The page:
A deep watering allows the soil to absorb a lot of moisture at once, unlocking micro- and macronutrients, salts, and minerals to be readily taken in by the root system. As the soil begins to drain and dry, gas exchange can resume, and the risk of root rot is diminished. Although a deep watering may sound like overkill, I assure you that as long as your plant has well-aerated soil and a drainage hole, there’s no risk of overwatering.
Another method of watering that many people like to utilize is bottom-up watering. This is essentially watering your plant by sticking it in a water tray and allowing the soil to absorb it through the drainage hole. This is a perfectly acceptable way to water Philodendrons; many varieties respond well to it, so if you have the setup for this or are used to watering plants this way, by all means, continue doing it.
You can still use the finger test to determine when it is time to water but just know that each time you bottom-up water, you’ll want to leave your plant in the tray long enough for the soil to absorb liquid all the way up to the topsoil.
Also, be aware that if you tend to get salt buildups or have particularly hard water, bottom-up watering doesn’t flush the soil as well as top watering does. You may need to pay special attention to any buildup that happens in the soil and be mindful of how often you are fertilizing.
I tend to stick to top watering my Philodendrons mainly because it’s easy. Plus, since I’m always sticking my fingers in the soil, a thorough top-watering session helps smooth out the topsoil for the next week or two.
A Note on Tap Water
I’ve seen a lot of questions about whether houseplants, including Philodendrons, do well when watered with tap water. In my experience, I would say that in most cases, watering your plants with tap water is totally fine. If you are concerned your tap water isn’t all that great, you can always fill a pitcher with it and leave it on the counter overnight before watering your plants. This allows for certain chemical additives, like chlorine, to evaporate out, leaving it slightly cleaner.
If you have hard or soft water, you may want to pay extra attention to your plant’s health. Both mineral and salt buildups in the soil can be an issue if you have particularly unbalanced tap water, so if you’re dealing with one of these extremes, you might want to consider buying some distilled water for your indoor plants.
Drainage: The Other Half of Proper Watering
When speaking on the topic of proper watering, we also need to address the other key component of proper drainage. It doesn’t matter if your watering habits are on point if the drainage in your plant’s pot is terrible. Good watering only happens when the system has good drainage, as well. This means a couple of different things.
First, the container your Philodendron is planted in should have a drainage hole. Yes, of course you can get by without one, but I’ll tell you it is a lot harder to manage your plant’s watering needs when the system is closed. Before you know it, the soil is saturated, and you’re dealing with all kinds of issues, from yellowing leaves to root rot.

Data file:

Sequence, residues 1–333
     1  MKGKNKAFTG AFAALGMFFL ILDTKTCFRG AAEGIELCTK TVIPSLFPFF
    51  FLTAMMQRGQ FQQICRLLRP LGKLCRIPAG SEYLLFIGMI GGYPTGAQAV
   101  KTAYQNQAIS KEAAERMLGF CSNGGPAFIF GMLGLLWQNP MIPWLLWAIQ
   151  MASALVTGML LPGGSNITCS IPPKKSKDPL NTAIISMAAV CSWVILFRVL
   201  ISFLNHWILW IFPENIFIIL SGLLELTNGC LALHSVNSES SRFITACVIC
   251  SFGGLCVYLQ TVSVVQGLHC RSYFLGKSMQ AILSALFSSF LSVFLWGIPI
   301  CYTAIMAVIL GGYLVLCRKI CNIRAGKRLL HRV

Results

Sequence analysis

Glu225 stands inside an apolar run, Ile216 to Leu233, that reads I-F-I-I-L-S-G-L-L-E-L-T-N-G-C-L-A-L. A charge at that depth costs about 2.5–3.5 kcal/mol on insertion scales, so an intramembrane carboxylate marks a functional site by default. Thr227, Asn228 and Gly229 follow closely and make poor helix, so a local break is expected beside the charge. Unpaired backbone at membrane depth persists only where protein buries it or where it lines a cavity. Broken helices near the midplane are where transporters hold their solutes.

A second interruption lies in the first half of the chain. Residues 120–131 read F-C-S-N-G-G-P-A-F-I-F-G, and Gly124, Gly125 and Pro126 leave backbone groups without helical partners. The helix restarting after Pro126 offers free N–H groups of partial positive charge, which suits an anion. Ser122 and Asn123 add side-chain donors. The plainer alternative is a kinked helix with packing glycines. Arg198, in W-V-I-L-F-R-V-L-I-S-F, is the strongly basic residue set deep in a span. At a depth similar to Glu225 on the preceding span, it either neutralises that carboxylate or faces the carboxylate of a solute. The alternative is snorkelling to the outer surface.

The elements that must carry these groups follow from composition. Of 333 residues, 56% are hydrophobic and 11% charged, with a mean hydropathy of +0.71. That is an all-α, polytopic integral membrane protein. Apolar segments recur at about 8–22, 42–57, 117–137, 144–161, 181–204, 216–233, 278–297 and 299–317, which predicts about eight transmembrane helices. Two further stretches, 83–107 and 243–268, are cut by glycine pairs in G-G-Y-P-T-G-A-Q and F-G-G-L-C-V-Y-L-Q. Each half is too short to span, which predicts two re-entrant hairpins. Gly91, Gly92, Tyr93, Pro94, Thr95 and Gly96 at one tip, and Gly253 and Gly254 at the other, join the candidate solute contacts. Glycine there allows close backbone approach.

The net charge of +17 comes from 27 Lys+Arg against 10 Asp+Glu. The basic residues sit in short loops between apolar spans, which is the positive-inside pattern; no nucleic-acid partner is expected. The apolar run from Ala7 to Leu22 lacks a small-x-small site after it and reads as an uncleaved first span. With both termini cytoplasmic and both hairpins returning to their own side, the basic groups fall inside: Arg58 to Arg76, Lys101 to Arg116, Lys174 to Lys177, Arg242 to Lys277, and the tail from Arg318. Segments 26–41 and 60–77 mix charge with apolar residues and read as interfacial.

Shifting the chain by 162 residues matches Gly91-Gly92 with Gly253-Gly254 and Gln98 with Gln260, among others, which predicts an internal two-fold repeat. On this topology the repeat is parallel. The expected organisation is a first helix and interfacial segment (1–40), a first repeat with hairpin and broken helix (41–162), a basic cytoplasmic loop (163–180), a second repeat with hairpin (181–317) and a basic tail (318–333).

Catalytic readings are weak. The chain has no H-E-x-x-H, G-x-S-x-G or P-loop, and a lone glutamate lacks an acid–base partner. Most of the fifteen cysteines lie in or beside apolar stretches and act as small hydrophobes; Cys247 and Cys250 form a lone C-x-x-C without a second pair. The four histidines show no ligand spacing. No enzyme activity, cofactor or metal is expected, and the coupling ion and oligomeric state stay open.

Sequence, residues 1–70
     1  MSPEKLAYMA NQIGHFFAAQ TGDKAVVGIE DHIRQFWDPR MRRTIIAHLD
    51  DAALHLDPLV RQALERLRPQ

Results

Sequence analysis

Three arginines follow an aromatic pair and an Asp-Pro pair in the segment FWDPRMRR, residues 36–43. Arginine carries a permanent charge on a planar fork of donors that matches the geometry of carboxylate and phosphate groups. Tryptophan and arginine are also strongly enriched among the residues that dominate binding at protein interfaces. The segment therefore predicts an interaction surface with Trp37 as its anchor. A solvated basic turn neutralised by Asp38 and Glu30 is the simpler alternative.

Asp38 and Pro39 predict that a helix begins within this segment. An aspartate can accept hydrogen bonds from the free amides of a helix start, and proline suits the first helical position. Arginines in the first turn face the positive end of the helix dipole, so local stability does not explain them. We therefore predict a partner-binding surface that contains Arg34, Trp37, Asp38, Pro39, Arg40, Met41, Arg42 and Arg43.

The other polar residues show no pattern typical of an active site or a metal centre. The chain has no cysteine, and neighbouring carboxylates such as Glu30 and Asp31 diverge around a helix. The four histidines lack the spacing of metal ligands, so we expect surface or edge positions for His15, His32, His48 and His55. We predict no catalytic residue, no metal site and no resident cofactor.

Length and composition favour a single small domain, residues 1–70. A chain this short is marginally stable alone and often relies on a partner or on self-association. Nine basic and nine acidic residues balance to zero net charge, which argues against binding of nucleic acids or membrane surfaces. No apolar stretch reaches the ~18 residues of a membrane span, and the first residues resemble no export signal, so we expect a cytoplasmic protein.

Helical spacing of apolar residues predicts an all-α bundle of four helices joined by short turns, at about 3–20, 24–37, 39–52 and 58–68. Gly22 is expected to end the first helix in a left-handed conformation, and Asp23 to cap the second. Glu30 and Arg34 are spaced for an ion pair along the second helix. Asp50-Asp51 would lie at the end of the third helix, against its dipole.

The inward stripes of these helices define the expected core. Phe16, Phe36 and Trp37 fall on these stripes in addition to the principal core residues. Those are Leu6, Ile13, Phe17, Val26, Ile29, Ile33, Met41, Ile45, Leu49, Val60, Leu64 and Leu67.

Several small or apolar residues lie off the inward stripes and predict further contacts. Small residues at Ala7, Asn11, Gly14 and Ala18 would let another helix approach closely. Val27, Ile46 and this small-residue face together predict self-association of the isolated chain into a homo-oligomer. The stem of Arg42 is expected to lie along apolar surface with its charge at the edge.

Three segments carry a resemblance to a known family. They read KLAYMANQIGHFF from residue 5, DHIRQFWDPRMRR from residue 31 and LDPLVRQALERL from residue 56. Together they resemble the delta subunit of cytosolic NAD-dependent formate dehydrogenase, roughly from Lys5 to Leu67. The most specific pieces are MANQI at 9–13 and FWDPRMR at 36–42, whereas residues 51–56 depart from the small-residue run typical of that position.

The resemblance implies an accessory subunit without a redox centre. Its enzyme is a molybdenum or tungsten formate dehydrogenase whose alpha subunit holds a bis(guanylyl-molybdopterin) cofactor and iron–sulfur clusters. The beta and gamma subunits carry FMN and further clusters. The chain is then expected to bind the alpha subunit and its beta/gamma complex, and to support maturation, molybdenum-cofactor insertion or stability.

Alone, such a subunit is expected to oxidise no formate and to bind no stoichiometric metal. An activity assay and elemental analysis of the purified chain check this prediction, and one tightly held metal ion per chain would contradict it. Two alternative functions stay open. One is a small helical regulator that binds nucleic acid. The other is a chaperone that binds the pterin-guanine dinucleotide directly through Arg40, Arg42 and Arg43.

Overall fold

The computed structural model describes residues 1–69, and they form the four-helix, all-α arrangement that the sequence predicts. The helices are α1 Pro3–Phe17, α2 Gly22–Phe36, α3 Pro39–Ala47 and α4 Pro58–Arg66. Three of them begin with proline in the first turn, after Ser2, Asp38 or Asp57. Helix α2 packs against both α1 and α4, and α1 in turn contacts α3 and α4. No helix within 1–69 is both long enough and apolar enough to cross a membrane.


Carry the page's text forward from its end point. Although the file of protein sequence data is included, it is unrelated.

So, put your plant in a pot with a drainage hole. If you don’t want to drill a hole in a fancy West Elm planter, at least put your plant into something with drainage that you can slip into your nicer pot. Trust me…it’ll save you from numerous headaches.
Second, you need to pay attention to the condition of the potting soil. Most potting soils are specifically formulated to be well-aerated, porous mediums that allow water to drain through them. This is a good thing and helps regulate how much moisture is held against the root system.
However, over time, either through compaction or depletion, the soil gets tired and dense, creating environments that can either hold too much water or can’t hold enough. This is when things can get really wonky because even if you are watering your plant properly, the soil isn’t allowing the moisture to be available when the plant needs it.
If you suspect your soil has poor drainage, it’s probably time to repot your Philodendron into new potting soil. To ensure superior drainage, consider mixing in extra pumice, perlite, or cactus/succulent soil, all of which keep the soil mixture airy and light.
By addressing both drainage and watering issues together, you can ensure your plant is getting just the right amount of moisture it needs to thrive.
How Does Humidity Fit In?
Just like proper watering, humidity plays an important role in how well your Philodendron performs. Proper humidity levels can create many benefits for your plant, including bolstering its growth rate, aiding in new leaf unfurling, and encouraging larger leaf growth.
Humidity also impacts aspects of watering, as well. Less humid environments tend to speed up evaporation from both the plant and topsoil, impacting how often you may need to water your plant. It can also affect your plant’s rate of respiration through leaf stoma, again impacting how much water is available to the plant.
In general, Philodendrons will do just fine in most indoor climates, where humidity levels tend to hover between 40-60%. If you want to ensure the benefits that come with higher humidity levels, or perhaps you live in a very dry area, you can always supplement with a room humidifier to keep that level closer to 60%.
I tend not to bother with misting my plants or using pebble trays filled with water, as both of these methods tend to make only fractional changes to humidity levels for short periods of time. If it works well for you, by all means, continue to use them, but I like the convenience of my small room humidifier to manage the humidity level automatically.
Another good solution is to place your Philodendron in a bright bathroom. The steam from the shower or bath tends to keep humidity levels higher than the rest of the house. Just make sure your plant still has access to some good sunlight.
When it comes down to it, there’s not a whole lot you need to know about how to properly water your Philodendrons. As long as you are using the finger test to track the moisture content of the soil, you’ll always know the right time to give your plant a drink.
Aside from that, make sure your Philodendron is planted in quality potting soil that is well-aerated and has good drainage. And, once more, please make sure the pot has a drainage hole! As soon as you dial in your watering habits, I am confident you will start seeing a more vigorous, robust, and healthier Philodendron in your home. To further your reading, take a look over the nine tips for encouraging Philodendron growth.